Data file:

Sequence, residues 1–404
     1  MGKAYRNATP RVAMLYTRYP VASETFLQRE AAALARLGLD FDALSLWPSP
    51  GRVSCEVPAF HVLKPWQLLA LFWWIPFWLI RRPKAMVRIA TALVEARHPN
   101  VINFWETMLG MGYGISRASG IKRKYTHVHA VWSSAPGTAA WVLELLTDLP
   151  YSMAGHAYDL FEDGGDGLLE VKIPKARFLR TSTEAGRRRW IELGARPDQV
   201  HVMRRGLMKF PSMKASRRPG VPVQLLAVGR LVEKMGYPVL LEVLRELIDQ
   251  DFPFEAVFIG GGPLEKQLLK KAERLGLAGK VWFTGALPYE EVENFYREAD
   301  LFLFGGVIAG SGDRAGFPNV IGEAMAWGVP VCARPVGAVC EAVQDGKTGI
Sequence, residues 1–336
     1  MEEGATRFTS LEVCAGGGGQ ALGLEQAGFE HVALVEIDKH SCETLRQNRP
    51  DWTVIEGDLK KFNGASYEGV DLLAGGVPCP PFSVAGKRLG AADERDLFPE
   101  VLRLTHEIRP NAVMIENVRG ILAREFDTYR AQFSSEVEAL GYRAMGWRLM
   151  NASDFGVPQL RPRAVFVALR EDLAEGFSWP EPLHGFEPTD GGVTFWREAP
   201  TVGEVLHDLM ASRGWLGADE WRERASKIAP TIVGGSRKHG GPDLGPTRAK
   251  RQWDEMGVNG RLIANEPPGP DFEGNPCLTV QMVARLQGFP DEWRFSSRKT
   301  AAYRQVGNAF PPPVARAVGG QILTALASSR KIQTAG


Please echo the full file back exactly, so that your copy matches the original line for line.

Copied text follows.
Sequence, residues 1–404
     1  MGKAYRNATP RVAMLYTRYP VASETFLQRE AAALARLGLD FDALSLWPSP
    51  GRVSCEVPAF HVLKPWQLLA LFWWIPFWLI RRPKAMVRIA TALVEARHPN
   101  VINFWETMLG MGYGISRASG IKRKYTHVHA VWSSAPGTAA WVLELLTDLP
   151  YSMAGHAYDL FEDGGDGLLE VKIPKARFLR TSTEAGRRRW IELGARPDQV
   201  HVMRRGLMKF PSMKASRRPG VPVQLLAVGR LVEKMGYPVL LEVLRELIDQ
   251  DFPFEAVFIG GGPLEKQLLK KAERLGLAGK VWFTGALPYE EVENFYREAD
   301  LFLFGGVIAG SGDRAGFPNV IGEAMAWGVP VCARPVGAVC EAVQDGKTGI
Sequence, residues 1–336
     1  MEEGATRFTS LEVCAGGGGQ ALGLEQAGFE HVALVEIDKH SCETLRQNRP
    51  DWTVIEGDLK KFNGASYEGV DLLAGGVPCP PFSVAGKRLG AADERDLFPE
   101  VLRLTHEIRP NAVMIENVRG ILAREFDTYR AQFSSEVEAL GYRAMGWRLM
   151  NASDFGVPQL RPRAVFVALR EDLAEGFSWP EPLHGFEPTD GGVTFWREAP
   201  TVGEVLHDLM ASRGWLGADE WRERASKIAP TIVGGSRKHG GPDLGPTRAK
   251  RQWDEMGVNG RLIANEPPGP DFEGNPCLTV QMVARLQGFP DEWRFSSRKT
   301  AAYRQVGNAF PPPVARAVGG QILTALASSR KIQTAG